Cerber ransomware has acquired the what is micro bitcoin of being one of the most rapidly evolving ransomware families to date. Just in May, we pointed out how it had gone through six separate versions with various differences in its routines. Several months later and it seems to have evolved again, this time adding cryptocurrency theft to its routines. This is on top of its normal ransomware routines, giving the attackers two ways to profit off of one infection.
Some details of Cerber haven’t changed, though. In most respects, this Cerber variant is identical to the versions we spotted in May, but with a new nuance to its behavior: it now targets Bitcoin wallets for theft as well. Two things are worth noting. Theft of these files does not assure that the stored Bitcoins can be stolen. The thief would still need to get the password that protects the wallet in question. This isn’t the only information stolen by this new Cerber variant. It also tries to steal the saved passwords from Internet Explorer, Google Chrome, and Mozilla Firefox.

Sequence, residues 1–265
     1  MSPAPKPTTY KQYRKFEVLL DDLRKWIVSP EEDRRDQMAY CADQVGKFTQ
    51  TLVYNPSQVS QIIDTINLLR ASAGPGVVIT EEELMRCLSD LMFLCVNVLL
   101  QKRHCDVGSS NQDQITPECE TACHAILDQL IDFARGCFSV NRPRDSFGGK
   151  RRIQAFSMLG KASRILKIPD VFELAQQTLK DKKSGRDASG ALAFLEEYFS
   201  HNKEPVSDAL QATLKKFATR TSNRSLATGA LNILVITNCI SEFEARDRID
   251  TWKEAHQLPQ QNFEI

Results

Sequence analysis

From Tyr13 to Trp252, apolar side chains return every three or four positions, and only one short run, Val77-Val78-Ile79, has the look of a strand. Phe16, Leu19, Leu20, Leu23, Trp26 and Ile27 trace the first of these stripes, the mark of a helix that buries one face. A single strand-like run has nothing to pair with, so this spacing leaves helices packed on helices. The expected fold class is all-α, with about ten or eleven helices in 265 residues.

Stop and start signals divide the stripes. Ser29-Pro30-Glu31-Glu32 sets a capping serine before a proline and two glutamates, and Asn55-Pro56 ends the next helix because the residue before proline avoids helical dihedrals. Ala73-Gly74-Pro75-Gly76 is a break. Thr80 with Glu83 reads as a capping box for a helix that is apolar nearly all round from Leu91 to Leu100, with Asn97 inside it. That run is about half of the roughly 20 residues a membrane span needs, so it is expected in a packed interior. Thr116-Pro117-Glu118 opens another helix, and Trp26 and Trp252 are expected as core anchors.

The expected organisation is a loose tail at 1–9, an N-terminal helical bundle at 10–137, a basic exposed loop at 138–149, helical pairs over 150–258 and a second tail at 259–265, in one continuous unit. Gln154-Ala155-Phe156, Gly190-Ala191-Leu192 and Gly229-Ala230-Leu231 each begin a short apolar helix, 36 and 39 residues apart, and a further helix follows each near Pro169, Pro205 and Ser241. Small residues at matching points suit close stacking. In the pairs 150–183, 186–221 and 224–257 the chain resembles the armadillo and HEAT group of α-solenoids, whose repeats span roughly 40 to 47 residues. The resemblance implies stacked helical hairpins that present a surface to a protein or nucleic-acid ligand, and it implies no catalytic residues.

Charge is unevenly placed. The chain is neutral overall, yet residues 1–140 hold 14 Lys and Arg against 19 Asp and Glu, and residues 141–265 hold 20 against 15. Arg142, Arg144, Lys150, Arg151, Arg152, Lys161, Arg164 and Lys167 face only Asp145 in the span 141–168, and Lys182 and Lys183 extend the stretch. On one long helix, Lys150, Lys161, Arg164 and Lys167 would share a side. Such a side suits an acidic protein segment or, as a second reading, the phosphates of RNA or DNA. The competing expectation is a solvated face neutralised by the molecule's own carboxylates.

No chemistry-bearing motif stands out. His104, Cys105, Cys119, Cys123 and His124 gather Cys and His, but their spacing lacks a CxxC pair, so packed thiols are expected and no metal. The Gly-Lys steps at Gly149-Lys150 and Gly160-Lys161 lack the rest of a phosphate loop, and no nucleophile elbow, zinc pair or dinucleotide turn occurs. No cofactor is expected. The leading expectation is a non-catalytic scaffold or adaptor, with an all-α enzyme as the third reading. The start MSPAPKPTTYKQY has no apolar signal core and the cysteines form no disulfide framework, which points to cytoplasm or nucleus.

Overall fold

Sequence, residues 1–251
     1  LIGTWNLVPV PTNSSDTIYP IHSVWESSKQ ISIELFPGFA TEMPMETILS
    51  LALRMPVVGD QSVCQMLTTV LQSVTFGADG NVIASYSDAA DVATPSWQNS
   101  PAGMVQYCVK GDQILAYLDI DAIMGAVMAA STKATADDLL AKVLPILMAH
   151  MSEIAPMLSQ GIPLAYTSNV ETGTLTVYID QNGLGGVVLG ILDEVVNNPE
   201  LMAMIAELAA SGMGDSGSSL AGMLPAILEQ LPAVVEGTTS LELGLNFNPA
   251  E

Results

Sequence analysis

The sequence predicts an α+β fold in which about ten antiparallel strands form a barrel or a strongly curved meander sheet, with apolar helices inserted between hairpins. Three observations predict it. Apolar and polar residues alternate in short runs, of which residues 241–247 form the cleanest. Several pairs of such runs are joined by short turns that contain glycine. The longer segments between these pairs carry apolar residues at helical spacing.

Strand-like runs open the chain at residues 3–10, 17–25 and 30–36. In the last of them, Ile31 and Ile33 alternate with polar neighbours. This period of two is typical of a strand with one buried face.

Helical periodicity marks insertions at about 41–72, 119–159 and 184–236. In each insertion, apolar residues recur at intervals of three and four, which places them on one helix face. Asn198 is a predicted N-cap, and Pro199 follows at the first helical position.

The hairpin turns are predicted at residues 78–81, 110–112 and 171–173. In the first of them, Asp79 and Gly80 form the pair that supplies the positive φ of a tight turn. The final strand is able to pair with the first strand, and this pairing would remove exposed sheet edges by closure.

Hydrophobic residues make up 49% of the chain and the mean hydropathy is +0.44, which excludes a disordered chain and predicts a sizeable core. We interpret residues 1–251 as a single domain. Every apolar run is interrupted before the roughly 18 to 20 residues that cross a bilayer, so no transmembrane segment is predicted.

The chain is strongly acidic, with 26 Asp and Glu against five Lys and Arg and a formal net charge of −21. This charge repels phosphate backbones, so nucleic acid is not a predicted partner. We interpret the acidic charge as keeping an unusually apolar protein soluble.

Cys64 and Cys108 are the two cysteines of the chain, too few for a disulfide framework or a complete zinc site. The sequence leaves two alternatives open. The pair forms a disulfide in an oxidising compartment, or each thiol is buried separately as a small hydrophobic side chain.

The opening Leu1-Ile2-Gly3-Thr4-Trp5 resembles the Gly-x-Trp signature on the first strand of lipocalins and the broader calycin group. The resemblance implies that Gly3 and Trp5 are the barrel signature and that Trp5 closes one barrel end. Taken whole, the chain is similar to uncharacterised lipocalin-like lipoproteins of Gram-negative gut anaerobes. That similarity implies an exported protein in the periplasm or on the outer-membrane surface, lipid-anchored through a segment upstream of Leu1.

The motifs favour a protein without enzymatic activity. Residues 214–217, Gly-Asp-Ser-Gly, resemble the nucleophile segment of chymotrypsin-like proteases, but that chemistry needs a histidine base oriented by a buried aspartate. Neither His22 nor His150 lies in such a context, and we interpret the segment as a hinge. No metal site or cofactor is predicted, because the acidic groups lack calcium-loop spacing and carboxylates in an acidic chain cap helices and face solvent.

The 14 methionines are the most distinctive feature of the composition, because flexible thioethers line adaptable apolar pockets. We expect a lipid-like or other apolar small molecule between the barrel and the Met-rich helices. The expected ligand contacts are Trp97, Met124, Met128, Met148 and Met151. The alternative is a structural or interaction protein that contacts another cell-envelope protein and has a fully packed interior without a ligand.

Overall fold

This new feature shows that attackers are trying out new ways to monetize ransomware. Stealing the Bitcoins of targeted users would represent a valuable source of potential income. Cerber’s entry vector onto systems didn’t change, so known best practices against it would still work. Our machine learning capabilities are tuned to account for attacks using techniques employed by ransomware like Cerber. Attackers are banking on network vulnerabilities and inherent weaknesses to facilitate massive malware attacks, IoT hacks, and operational disruptions. The ever-shifting threats and increasingly expanding attack surface will challenge users and enterprises to catch up with their security. Read our security predictions for 2018.